First Responders

First Responders face a number of uncommon and unique circumstances in their professional career.  Shift work and odd work hours, overtime/off-duty work, staffing issues, hyper-vigilance, stress, negative rhetoric, burnout, repeated trauma, and limited mental health services all contribute to a growing need for therapists that know the particular needs of first responders and how to address them.

Due to my police experience, I have a firm awareness of the many challenges that first responders face on a day to day basis. I have found that self-care is imperative to managing stress and staying connected with community. These areas can be addressed by using the four pillars of health and wellness – physical, mental, spiritual/existential, and relational. For example, self-care in each of these categories can look like a run or a workout, meditation, prayer or self-reflection, or talking to a friend. Each of these pillars are a driving force in creating practical and incremental goals for self-care and help provide a clear outline for areas of focus. The goal with each of these categories is to find activities that work for the client and can be done regularly and consistently.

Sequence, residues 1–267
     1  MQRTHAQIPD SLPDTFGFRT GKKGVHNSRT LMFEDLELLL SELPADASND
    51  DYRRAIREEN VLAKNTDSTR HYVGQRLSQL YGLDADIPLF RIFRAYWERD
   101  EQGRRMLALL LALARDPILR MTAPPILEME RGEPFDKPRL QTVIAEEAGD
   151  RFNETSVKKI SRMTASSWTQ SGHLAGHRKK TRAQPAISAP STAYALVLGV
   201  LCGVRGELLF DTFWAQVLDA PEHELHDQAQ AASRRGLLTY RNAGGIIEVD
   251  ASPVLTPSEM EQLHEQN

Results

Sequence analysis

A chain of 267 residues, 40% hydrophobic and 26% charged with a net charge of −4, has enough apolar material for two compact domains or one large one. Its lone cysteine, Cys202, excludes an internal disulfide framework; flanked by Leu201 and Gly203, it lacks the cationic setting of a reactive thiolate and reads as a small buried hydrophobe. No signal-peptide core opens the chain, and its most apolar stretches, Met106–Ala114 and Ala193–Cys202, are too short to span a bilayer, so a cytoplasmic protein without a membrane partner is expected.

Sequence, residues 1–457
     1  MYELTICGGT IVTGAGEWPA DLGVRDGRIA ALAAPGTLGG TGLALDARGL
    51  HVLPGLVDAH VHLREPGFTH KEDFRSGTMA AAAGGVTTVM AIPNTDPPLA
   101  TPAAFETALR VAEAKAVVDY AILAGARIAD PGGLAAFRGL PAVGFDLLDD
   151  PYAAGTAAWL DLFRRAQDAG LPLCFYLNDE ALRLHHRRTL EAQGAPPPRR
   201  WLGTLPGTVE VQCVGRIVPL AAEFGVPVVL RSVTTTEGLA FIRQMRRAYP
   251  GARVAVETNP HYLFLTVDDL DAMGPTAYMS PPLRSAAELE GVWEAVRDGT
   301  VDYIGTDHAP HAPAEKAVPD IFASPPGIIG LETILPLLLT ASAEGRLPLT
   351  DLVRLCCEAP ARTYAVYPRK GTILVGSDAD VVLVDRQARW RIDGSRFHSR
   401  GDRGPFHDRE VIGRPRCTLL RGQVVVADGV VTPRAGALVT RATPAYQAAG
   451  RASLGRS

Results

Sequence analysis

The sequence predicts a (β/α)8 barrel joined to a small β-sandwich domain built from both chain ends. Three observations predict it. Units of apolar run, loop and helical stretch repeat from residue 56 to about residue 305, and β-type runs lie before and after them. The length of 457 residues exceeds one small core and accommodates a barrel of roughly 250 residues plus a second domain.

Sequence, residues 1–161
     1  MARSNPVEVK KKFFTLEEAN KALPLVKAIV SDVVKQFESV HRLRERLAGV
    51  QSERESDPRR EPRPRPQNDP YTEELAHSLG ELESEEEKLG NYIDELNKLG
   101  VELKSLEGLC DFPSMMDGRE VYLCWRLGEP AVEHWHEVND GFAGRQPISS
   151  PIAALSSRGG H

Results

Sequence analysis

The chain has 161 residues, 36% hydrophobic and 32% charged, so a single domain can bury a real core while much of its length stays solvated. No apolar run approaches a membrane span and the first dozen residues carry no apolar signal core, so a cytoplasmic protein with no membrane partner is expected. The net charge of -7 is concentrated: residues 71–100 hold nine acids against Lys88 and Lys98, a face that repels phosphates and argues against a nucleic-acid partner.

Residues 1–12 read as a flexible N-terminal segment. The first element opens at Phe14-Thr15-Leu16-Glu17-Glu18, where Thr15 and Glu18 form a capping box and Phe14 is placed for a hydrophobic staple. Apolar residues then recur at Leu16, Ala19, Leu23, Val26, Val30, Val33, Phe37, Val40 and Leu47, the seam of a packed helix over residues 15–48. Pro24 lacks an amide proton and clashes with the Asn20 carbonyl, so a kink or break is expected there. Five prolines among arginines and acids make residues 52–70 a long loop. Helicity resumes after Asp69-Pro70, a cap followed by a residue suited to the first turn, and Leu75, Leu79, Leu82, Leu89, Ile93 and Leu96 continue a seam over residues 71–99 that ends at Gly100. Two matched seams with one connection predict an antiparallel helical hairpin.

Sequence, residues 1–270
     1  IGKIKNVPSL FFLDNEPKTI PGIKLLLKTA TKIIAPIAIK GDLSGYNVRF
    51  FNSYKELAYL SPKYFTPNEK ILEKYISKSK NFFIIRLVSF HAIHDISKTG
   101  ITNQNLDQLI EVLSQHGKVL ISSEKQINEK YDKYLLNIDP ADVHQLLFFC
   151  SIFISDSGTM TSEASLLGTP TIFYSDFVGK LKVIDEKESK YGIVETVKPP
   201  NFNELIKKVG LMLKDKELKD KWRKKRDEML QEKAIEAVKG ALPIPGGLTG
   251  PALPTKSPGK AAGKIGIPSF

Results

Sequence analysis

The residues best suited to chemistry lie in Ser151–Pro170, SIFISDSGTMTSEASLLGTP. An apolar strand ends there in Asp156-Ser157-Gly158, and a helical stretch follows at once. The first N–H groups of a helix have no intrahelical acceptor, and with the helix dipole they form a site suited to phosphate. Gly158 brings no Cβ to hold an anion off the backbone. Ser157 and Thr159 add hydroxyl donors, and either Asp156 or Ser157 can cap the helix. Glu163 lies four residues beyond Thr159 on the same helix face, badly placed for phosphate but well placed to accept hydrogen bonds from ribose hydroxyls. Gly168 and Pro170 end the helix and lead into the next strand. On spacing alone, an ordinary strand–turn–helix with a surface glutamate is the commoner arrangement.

Another primary component to assisting first responders is addressing the constant rise and fall of awareness between hyper-vigilance and eventual collapse. Self-care is a large part of regulating the nervous system, however the trauma that occurs throughout a first responder’s career is a significant factor in how the nervous system responds to this daily change. That is why I incorporate Eye Movement Desensitization and Reprocessing (EMDR) therapy along with components of Sensorimotor Psychotherapy into my practice, as they contribute significantly to addressing past and present trauma in my clients.

If you, or someone you know, can benefit from a counselor who is trauma informed and aware of the specific issues first responder’s face, please reach out.

If you are interested in reading more about the effects of trauma, please read “The Body Keeps the Score” by Sean Pratt and Bessell van der Kolk.

This Post Written By:
Grant Pooley, LAC – Journeys Counseling Center
6516 S. Rural Road, Suite 101
Tempe, Arizona 85283
Phone: (480) 656-0500